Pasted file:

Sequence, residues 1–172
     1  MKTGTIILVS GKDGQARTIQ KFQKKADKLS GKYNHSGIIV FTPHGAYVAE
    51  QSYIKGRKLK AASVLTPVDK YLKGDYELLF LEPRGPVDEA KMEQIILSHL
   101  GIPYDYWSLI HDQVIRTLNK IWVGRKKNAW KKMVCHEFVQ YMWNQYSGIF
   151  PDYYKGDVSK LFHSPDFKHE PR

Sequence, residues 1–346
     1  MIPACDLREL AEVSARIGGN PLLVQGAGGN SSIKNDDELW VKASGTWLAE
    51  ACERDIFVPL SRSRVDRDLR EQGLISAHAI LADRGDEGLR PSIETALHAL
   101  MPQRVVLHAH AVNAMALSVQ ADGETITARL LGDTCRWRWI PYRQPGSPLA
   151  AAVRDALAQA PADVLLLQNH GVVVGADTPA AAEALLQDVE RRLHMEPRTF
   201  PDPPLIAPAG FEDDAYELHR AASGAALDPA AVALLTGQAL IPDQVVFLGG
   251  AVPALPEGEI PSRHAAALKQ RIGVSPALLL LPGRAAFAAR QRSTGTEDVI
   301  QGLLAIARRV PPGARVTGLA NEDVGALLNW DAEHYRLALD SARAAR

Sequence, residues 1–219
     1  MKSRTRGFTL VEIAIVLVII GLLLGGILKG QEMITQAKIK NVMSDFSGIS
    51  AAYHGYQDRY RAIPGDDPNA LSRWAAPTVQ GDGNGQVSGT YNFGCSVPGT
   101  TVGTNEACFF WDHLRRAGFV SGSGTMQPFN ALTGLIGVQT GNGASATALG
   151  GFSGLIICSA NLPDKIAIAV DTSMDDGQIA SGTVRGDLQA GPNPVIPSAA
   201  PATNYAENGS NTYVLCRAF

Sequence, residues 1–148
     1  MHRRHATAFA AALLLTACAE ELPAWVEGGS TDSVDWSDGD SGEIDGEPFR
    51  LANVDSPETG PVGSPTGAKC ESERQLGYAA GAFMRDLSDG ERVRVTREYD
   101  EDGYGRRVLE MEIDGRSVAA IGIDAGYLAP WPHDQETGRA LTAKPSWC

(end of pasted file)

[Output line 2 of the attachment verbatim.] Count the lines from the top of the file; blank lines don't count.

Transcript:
     1  MKTGTIILVS GKDGQARTIQ KFQKKADKLS GKYNHSGIIV FTPHGAYVAE